Tin glazed stoneware modeled after a glaze recipe first used in Persia 800 CE, silkscreen print on archival paper mounted to a sheet of tin and wrapped around the ceramic bust. 2021. 26 x 16 x 16 inches
I was inspired by the publication Song of Achiellies by Madeline Miller, which led me to read the Illiad, and consider the intimate relationship between Patroclus and Achilles. The historical erasure of intimacy between them is an example of how history is written by those in power. In the LGBTQ community there are too few artists who survive to be elders. The real queer coming of age is recovering ones histories; first as a viewer finding ourselves, then as a participant in the production of culture. We enfold queer traces into our creations, into our memories so we can pass them on. I made this bust of Patroclus sleeping, with a print on paper mounted to a sheet of tin draped over the face. It is an allusion to the grieving of Achiellies over his dead lover.
Ceramic, Print, Sculpture
Stoneware and earthenware slip harvested from a river bed in Haiti, silkscreen print on archival paper mounted to a sheet of tin and wrapped around the ceramic bust. 2021
Since the 16th century, people have been posting provocative political messages on a group of five Roman sculptures known as the Talking Statues. While doing research in Rome, I stumbled upon the first of these known as Pasquino. This third-century BCE Hellenistic statue was excavated and placed near Piazza Navona. In cover of night, people would paste messages satirizing the oppressive papal government. This tradition of public satire papering over these five statues continues to this day. Known as the Congregation of Wits, the statues act as places for public dialogue. It reminds me of how monuments today, are being contested, papered over, and in some cases removed, as an expression of the people. I made this bust using clay I harvested from a river bed in Haiti and then created a silkscreen print of wrestling bodies, printed onto archival paper, mounted on tin and wrapped around the face.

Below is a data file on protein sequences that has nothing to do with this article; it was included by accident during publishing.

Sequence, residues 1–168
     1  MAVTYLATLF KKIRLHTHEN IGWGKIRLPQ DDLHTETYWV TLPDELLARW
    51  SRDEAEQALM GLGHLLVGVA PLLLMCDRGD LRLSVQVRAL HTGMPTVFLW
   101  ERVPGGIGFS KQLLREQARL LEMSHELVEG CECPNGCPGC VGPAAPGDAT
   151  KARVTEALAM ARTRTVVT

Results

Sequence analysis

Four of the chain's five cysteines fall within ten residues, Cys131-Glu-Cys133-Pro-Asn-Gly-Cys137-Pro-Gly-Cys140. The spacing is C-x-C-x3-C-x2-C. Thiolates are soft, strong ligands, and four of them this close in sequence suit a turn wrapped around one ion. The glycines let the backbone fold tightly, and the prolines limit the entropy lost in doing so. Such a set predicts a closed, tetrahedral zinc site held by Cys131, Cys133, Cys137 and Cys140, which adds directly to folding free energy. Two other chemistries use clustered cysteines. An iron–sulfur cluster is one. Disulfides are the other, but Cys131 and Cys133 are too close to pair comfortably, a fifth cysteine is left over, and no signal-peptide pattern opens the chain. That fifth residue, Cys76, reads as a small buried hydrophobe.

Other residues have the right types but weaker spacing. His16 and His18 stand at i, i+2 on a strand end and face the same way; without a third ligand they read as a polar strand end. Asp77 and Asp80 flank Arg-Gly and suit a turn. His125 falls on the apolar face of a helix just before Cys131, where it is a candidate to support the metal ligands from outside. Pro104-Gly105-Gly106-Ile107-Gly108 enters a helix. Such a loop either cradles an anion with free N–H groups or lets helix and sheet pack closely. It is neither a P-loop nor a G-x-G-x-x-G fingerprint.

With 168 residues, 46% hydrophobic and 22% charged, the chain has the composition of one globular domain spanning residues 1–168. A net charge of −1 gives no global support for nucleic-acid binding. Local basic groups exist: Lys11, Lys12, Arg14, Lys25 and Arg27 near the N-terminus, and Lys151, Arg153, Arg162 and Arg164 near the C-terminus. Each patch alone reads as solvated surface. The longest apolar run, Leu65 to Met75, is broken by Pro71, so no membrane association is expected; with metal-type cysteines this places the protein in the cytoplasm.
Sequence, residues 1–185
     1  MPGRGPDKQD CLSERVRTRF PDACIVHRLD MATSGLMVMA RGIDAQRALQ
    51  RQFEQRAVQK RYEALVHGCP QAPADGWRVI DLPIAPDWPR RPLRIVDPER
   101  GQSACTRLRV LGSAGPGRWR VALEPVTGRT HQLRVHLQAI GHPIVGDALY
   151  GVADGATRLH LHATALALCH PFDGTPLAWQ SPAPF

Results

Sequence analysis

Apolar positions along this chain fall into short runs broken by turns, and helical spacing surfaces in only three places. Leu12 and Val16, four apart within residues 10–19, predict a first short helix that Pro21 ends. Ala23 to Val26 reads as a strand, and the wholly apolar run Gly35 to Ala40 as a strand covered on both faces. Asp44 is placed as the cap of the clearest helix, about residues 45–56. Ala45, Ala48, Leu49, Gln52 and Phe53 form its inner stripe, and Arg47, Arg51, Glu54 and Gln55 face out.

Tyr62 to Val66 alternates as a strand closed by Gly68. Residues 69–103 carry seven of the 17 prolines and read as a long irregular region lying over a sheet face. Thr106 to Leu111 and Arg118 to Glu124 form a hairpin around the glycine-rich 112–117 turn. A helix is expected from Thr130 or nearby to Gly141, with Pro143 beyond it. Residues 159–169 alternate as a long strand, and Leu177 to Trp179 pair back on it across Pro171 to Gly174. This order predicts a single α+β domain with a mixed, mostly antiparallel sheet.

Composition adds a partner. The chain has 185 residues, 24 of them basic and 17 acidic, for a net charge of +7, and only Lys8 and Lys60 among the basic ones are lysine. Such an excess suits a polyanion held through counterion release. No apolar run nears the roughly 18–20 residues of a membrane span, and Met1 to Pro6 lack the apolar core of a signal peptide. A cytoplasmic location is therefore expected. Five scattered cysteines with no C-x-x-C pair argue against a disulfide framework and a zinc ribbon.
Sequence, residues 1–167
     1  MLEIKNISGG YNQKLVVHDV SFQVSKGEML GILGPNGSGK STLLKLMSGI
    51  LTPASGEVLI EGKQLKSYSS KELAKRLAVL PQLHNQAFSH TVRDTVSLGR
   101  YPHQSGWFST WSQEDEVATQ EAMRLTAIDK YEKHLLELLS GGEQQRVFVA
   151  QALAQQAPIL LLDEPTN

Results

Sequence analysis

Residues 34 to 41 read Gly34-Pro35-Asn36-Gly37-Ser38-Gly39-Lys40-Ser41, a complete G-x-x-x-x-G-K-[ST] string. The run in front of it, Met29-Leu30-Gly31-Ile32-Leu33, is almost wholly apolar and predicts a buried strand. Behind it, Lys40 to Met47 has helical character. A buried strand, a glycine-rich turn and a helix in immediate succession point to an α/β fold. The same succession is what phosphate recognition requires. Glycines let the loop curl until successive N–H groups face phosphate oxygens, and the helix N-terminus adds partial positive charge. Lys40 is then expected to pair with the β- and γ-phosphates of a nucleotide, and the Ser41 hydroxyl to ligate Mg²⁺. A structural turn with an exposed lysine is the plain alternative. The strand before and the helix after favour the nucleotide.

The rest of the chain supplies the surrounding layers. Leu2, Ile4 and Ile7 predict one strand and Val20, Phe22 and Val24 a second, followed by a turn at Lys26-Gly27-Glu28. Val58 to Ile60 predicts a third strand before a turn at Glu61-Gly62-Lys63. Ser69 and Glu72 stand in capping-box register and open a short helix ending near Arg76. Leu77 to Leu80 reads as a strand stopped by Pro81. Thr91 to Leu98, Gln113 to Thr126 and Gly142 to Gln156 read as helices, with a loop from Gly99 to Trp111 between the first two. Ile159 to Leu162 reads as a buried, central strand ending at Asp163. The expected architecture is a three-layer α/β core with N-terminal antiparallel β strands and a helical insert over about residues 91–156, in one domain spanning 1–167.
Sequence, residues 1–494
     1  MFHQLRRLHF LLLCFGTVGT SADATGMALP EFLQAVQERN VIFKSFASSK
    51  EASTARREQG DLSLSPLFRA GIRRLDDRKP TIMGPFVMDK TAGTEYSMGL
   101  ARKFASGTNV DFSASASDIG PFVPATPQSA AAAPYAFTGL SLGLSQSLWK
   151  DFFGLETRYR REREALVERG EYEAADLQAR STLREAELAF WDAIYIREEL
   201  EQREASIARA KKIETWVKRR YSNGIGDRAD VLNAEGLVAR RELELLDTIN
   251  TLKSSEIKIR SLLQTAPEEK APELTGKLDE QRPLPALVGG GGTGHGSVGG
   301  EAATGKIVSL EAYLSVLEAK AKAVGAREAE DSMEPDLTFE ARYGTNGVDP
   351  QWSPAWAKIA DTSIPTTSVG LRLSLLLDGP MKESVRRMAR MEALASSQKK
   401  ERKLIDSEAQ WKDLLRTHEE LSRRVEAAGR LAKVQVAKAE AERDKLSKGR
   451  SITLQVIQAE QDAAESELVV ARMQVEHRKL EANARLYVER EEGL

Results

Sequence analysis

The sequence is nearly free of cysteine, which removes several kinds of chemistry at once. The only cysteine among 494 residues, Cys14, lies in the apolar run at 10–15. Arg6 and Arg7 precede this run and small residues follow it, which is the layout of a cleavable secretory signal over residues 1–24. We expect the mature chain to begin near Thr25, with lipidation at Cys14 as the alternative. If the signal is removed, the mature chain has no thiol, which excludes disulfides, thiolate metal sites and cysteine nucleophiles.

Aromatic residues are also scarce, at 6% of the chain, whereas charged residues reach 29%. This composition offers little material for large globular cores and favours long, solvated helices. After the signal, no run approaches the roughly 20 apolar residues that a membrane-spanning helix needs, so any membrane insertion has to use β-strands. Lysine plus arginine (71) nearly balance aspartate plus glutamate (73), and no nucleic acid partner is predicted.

Glazed and unglazed ceramic, plaster, archival print on paper, 19 x 12 x 6.25 inches
My work integrates materials and methods that include ceramics, sculpture, printmaking and photography. I use assemblages to examine the lived experiences of queer people. The ceramic assemblage combines half-tone printed images of a face on crumpled paper stuffed into a form containing casts of hands and human flesh, mounted onto a print on archival coldpress etching paper.
Glazed ceramic, plaster, archival print on paper, 15.25 x 11 x 6.25 inches
Glazed ceramic and under-glaze on slip cast earthenware, silkscreen, wood, 34 x 16 x 16 inches, 2018